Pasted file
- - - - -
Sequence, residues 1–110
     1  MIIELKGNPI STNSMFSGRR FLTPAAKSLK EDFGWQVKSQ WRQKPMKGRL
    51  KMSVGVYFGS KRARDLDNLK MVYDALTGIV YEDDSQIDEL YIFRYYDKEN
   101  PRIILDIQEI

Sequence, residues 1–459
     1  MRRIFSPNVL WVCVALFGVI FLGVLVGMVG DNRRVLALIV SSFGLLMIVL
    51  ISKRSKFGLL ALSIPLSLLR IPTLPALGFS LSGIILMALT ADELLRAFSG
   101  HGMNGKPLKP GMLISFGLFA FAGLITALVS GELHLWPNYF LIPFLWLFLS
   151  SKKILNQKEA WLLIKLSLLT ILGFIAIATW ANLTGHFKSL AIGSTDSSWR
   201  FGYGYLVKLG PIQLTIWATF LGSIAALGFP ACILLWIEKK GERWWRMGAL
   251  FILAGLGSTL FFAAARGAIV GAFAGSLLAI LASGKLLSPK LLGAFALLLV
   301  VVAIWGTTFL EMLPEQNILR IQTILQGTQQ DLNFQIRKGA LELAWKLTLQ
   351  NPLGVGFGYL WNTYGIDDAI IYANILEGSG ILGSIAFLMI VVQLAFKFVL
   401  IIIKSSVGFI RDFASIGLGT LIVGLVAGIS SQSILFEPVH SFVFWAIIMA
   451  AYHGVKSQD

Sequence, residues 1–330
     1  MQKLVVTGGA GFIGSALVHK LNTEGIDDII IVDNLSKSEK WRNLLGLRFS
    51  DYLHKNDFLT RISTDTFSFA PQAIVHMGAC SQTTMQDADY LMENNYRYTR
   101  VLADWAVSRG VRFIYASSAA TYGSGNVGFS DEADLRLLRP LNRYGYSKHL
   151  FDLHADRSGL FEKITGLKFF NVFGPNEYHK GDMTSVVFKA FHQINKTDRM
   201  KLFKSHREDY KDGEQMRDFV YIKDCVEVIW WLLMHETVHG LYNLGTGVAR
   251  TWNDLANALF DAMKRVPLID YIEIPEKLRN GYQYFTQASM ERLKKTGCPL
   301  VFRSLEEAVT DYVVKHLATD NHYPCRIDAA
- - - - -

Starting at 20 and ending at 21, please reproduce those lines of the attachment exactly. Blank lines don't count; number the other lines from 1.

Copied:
   151  FDLHADRSGL FEKITGLKFF NVFGPNEYHK GDMTSVVFKA FHQINKTDRM
   201  KLFKSHREDY KDGEQMRDFV YIKDCVEVIW WLLMHETVHG LYNLGTGVAR